This Vanilla Bean Ice Cream is rich, creamy and soft. It has a deep complexity from the vanilla bean that can’t be imitated! One bite and you’ll never go back.
My dad will tell you that there is no better dessert than a scoop of vanilla ice cream covered in fudge sauce. My professional opinion begs to differ but my inner-child totally agrees!
There is something so comforting in its simplicity.
If I am going to eat vanilla ice cream sans pie or cobbler or crisp, it better be the best and it better have real vanilla beans in it!
Now I know you would expect nothing less than the best around here because that is how I roll. Lindsey Farr does not do mediocre. Hard pass.
This is the vanilla bean ice cream to beat all vanilla ice creams. It only relies on quality vanilla beans for its flavor which means it is rich and unctuous. You can use Tahitian or Madagascar bourbon beans. Sometimes I can only get one or the other at the restaurant, so I have tested it with both!
There is a subtlety to ice cream made by infusing real vanilla beans: it has a depth of flavor and complexity lacking in ice cream using extract or vanilla bean paste. If you make this same ice cream and use Tahitian vanilla bean paste, it will taste amazing but it will lose a bit of the complexity.
You can also make this ice cream with just “spent beans”, which just means that you already used the beans for a different purpose. I use the beans for applications where there is no time for infusing. In order to get the most mileage from the whole beans, the beans need time to infuse in hot liquid.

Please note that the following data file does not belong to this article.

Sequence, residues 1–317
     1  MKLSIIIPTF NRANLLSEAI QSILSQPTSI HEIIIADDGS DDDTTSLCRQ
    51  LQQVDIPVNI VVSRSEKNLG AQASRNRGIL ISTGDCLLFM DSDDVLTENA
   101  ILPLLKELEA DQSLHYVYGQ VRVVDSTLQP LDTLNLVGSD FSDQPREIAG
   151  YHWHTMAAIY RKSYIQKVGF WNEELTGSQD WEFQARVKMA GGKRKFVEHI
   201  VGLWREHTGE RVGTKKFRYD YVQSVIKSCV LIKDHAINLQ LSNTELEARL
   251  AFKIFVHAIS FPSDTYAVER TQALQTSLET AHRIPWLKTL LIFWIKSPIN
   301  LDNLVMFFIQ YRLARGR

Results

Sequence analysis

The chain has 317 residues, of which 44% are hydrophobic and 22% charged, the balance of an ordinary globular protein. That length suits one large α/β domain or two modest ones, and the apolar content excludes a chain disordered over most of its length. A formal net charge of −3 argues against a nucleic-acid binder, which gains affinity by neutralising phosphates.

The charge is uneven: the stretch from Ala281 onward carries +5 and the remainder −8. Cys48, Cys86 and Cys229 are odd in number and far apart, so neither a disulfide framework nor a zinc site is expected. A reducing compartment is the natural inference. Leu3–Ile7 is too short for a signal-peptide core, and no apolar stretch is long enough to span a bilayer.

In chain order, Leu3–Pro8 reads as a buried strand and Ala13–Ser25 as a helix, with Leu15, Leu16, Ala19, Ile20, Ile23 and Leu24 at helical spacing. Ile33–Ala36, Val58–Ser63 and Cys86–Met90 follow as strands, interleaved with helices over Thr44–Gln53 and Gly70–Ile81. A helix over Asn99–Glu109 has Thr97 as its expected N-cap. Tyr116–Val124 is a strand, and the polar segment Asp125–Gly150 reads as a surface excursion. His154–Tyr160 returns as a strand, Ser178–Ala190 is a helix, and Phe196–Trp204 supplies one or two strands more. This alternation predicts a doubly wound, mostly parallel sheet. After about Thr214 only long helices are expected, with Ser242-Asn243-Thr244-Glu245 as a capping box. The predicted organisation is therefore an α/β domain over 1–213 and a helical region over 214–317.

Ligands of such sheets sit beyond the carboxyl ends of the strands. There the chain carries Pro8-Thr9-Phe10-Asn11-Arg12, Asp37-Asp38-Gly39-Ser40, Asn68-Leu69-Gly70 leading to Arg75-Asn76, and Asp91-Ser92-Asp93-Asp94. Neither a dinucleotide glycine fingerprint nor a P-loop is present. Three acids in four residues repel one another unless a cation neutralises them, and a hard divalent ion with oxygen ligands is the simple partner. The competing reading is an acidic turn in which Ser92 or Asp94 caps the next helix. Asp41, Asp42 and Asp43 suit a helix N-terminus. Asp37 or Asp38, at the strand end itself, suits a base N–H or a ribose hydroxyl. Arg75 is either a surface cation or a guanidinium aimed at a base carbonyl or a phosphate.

So without further ado, go put your ice cream maker’s canister in the freezer and make it this weekend, or, you know, on Thursday. Bonus points if your canister is already in the freezer! 🙋🏼♀️
Pre-freeze your ice cream canister along with the container you are going to put the ice cream in. It should hold a quart.
In a large pot combine milk, cream, salt, half of the sugar, and vanilla beans and pods. Heat the cream mixture on medium-high heat just until it comes to a boil.
Meanwhile, in a large bowl whisk the egg yolks with all the remaining sugar until lightened to a pale yellow. Once the cream mixture begins steaming, I add the sugar to the yolks and them whisk them together. I don’t like to let the sugar sit with the eggs too long or it will denature the proteins and you’ll get those hard little pieces of yolk that look like scrambled eggs.
Once the cream comes to a boil, slowly pour it into the eggs while whisking constantly.
Return to the pot and cook until the base reaches 85C or 180°F, stirring constantly with a spatula.
Pass through a chinoise or strainer into a bowl and cool in an ice bath (lots of ice with a little bit of water). Cover the surface with plastic wrap and poke a few holes. You will get the thickest base and creamiest ice cream if you cool it over night in the refrigerator but technically you can spin it as soon as it is cold to the touch.
Pour into your ice cream machine per the manufacturer’s specifications. Freeze until the volume increase by about 1/3 and the ice cream pulls away from the sizes and holds its shape when scooped out.
Pour into pre-frozen container, place plastic wrap directly on the surface to avoid ice crystals from forming or the ice cream absorbing any flavors from the freezer. Freeze at least 4 hours, but preferably over-night. Letting the ice cream sit at room temperature for 5 minutes before scooping and serving will make it easier!